Helicopters, Quadcopters, and This Year’s Other Amazing Flying Toys

What to eat, drink, buy, and think during that special time of year
Dec. 13 2012 7:00 AM

Drones for the Holidays

Helicopters, quadcopters, and this year’s other amazing remote-controlled flying toys

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In the first version of the AR.Drone, you did have to remember where the drone’s nose was pointed—if you tilted your phone right, the plane went to its right, not your right. But thanks to an on-board magnetometer, the drone now knows how its orientation compares to yours. After you enable a flying mode called “Absolute Control,” when you tilt your phone to the right, the plane will go toward your right, even if that’s different from its own right. This makes flying drop-dead easy. There is essentially no learning curve with the new drone.

And that gets to my only slight problem with it: It can sometimes be a bit boring. Because it’s so capable by itself, it doesn’t even really need you. Even its tricks are CPU-powered—double-tap the screen and the bird rises up a few feet, does a somersault in the air, and returns to its original position. I suppose there are some ways to challenge yourself: The plane’s app shows you a live on-screen image from the drone’s cameras, so, theoretically, you can fly it even while it’s out sight. I didn’t try that, but it could be a good way to scare your neighbors.

What I’d really like from the next version of the drone is full autonomy. Let’s make it a drone worthy of its name—I give it some GPS coordinates, it flies there by itself, then returns. I’ll be right here at my phone, watching the show.

Batteries: 6 points. The Parrot Drone comes with its own rechargeable battery, which gives you a 10- to 15- minute flight after a 90-minute charge. Extra batteries sell for $40 each.
Airworthiness
: 10
Fun
: 7
Total
: 23/30

Air Hogs Battle Tracker
Air Hogs Battle Tracker

Amazon.com

Air Hogs Battle Tracker, $69.88 on Amazon.com
I expected the Battle Tracker to be a worthless gimmick. It’s an RC chopper and a robotic anti-aircraft turret. It’s your job, as the helicopter pilot, to disable the gun by shooting little yellow discs at it; all the while, the turret tracks your chopper, locks on to its location, and pelts you with Nerf-like foam missiles. (There’s also a two-player mode in which your friend controls the turret.)

I thought the whole thing sounded too good to be true. The anti-aircraft gun, I suspected, wouldn’t be able to target the chopper accurately, and the chopper wouldn’t be able to fly straight while loaded down with shooting discs.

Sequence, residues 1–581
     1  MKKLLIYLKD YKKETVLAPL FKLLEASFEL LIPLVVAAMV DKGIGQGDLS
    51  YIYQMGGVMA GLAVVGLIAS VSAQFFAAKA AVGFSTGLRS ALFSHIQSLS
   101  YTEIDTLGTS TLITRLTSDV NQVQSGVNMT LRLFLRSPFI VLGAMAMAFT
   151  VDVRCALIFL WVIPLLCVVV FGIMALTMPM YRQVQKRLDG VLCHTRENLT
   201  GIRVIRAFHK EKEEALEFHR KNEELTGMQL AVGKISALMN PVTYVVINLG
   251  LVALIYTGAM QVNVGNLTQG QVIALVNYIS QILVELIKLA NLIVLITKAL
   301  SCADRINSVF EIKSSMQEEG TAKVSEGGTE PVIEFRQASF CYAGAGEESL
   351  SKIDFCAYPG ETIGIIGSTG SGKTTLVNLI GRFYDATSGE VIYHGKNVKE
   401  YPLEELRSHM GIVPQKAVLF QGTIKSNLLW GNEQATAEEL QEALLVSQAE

Happily, I was wrong. Not only is the chopper pretty airworthy, it also shoots really well. Those flying discs fly straight, fast, and far. The turret, meanwhile, is a marvel of toy robotics. It tracks your bird’s position with frustrating precision, knocking you out of the sky even if you’re five or six feet away. Best of all, it has sound effects—it reports on its status in a robotic whine, and when it shoots a missile, there’s a frightening, thunderous snap.

Of all the flying toys I tried, the Battle Tracker was the most fun. It addresses the central dilemma of RC flyers—once you’ve gotten it to fly straight, what do you do now? What I like best is that the game is just difficult enough to keep you playing. Even if you’re a good pilot, getting your chopper to hit the turret dead on will take many tries. (The turret has a sensor that can detect when it’s been shot—when it does, it theatrically shuts itself down.)

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My only gripe with the Tracker: It comes with too few missiles and shooting discs. Because they go quite far, and because the tracker can follow your bird for a full 360 degrees, the ammo ends up everywhere. Air Hogs doesn’t sell any replacements, either, so if you lose them, the toy becomes useless. So don’t lose them.

Batteries: 6 points. You need 10 AA batteries to power the tracker and the remote control, which is also the charging pad for the helicopter. After about 30 minutes of charging, you get about 5 minutes of flying.
Airworthiness
: 8
Fun
: 10
Total
: 24/30

Farhad Manjoo is a technology columnist for the New York Times and the author of True Enough.